Glass half full: An equal share for women in decisions on 60% of the world’s freshwater

Posted in : on 3 March 2024


A woman stands on a pirogue on Lake Nokoue, Benin. ©Alexander Bee/ iStock Photo

As we approach International Women’s Day 2024, the Cooperation in International Waters in Africa (CIWA) is taking part in the critical, timely theme of investing in women to speed-up gender equality. CIWA has been accelerating its own efforts on gender equality within its work on transboundary water in sub-Saharan Africa, since 2020, by tackling deep-rooted traditions and social norms that prevent women from participating equally and making decisions with men.

Transboundary waters form 60% of the world’s freshwater resources worldwide; women form almost 50% (49.6%) of the world’s population. In Africa, 90% of water falls within 63 river basins shared by multiple countries.  Because CIWA works towards the cooperative management of transboundary waters—the lakes, rivers, and underground aquifers that share or cross national borders—and their development, we also try out new and integrated ways to strengthen institutions in order to mainstream gender equality and social inclusion (GESI).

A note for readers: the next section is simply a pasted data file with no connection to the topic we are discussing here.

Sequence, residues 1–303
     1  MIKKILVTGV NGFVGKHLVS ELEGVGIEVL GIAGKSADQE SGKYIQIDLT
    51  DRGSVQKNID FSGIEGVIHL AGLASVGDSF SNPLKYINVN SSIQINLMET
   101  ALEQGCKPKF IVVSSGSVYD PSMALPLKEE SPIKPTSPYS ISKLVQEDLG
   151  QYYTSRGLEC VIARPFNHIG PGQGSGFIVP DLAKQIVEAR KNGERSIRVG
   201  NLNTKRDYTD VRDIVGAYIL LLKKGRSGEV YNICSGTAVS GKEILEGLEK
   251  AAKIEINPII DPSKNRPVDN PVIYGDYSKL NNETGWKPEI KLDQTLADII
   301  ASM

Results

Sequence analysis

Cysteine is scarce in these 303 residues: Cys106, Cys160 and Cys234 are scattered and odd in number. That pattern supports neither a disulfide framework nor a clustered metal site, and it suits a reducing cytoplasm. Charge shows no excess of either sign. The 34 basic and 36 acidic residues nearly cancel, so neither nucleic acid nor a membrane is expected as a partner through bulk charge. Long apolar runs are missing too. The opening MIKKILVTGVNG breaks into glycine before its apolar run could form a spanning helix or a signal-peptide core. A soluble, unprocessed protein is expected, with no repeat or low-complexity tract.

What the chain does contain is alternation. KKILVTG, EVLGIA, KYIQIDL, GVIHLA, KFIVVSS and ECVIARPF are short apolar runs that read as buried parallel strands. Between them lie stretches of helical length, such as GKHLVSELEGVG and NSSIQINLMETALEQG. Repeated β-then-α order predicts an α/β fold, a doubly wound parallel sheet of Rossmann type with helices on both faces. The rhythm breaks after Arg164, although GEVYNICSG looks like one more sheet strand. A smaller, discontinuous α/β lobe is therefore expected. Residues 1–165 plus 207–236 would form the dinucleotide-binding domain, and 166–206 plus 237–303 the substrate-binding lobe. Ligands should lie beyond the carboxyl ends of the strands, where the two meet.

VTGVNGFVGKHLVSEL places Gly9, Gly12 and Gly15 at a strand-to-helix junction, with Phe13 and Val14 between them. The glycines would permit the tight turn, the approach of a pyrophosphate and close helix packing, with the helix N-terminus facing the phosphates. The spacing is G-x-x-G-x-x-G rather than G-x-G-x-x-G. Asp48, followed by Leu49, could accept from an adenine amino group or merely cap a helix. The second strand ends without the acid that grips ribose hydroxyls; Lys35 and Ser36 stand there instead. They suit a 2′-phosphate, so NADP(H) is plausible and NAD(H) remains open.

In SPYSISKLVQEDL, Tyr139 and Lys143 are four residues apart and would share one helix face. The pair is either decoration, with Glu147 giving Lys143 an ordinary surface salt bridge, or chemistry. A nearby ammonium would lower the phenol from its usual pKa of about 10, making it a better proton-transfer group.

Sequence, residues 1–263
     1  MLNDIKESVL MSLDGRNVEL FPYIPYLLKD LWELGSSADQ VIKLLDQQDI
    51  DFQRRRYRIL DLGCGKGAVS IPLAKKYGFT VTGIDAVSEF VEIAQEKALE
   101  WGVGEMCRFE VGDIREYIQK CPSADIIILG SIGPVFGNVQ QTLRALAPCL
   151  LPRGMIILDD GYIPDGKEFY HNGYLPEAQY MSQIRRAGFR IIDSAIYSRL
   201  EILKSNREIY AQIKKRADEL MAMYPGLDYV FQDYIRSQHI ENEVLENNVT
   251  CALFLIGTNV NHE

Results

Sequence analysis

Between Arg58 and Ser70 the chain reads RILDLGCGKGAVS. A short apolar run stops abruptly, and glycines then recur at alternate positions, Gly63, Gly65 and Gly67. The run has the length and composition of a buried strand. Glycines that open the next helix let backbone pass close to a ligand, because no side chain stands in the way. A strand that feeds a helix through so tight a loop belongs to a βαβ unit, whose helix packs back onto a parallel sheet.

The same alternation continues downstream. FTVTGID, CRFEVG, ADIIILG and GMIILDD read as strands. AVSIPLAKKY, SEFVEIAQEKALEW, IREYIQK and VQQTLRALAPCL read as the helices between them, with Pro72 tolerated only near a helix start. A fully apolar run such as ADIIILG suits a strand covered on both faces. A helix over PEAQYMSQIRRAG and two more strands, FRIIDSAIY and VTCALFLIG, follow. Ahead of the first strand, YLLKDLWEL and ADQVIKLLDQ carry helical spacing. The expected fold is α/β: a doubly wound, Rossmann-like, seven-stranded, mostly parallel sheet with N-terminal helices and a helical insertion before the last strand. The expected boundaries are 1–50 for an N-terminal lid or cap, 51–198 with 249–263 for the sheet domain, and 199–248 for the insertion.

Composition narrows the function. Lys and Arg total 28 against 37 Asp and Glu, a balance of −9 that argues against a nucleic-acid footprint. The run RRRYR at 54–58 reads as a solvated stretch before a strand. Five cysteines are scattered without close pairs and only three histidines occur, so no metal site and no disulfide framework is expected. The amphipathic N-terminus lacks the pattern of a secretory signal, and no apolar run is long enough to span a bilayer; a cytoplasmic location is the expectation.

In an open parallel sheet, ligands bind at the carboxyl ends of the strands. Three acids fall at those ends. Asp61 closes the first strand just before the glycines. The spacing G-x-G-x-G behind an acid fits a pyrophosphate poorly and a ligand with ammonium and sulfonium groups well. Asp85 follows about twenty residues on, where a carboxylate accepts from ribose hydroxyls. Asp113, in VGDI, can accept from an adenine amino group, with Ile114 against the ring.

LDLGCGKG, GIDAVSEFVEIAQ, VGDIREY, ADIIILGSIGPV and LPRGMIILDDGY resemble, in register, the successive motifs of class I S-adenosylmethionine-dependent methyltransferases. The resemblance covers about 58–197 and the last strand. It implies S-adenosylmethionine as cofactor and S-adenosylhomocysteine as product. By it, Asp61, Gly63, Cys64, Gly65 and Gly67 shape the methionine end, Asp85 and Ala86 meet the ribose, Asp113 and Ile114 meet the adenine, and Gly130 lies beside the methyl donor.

Today, most of the projects CIWA supports have systematically integrated GESI .

Mainstreaming gender and social inclusion

These initiatives have been turned into high-impact application toolkits and learning notes, which enable teams and partners to adapt   programming and strengthen project design. Targeted training and technical assistance has been provided to strengthen gender equality and social inclusion in CIWA programs and through partners such as the Nile Equatorial Lakes Subsidiary Action Program Coordination Unit (NELSAP-CU), Eastern Nile Technical Regional Office (ENTRO), Nile Basin Initiative Secretariat (Nile-SEC), and Lake Victoria Basin Commission (LVBC).

Expanding focus

We developed a tool kit to ensure projects map out the specific challenges vulnerable populations, such as women, face, and launched a communications campaign to promote the merits of empowering women as decision-makers, leaders, and technical experts within our cross-border water institutions. In part, this showcases how women have navigated operating in a male-dominated environment, so they can serve as role models to other women and girls.

CIWA has also developed a strategy to tackle gender inequalities through changes in attitude. This transformative approach goes beyond counting the number of women who attend our meetings to identifying the many opportunities where men and women can—individually and collectively—tackle patriarchal norms. 

Male Champion Initiative

CIWA also recently launched a pilot program called the Male Champion Forum because we believe men are often the key stakeholders, influencers and decision makers within transboundary water programs and institutions. They are therefore best positioned to challenge negative behaviors and practices of male counterparts that can block women’s effective input and leadership in shaping the transboundary water agenda.

Ai-Ju Huang
Senior Water Specialist and CIWA Deputy Program Manager

Ellen Hagerman
Gender and Social Inclusion Consultant

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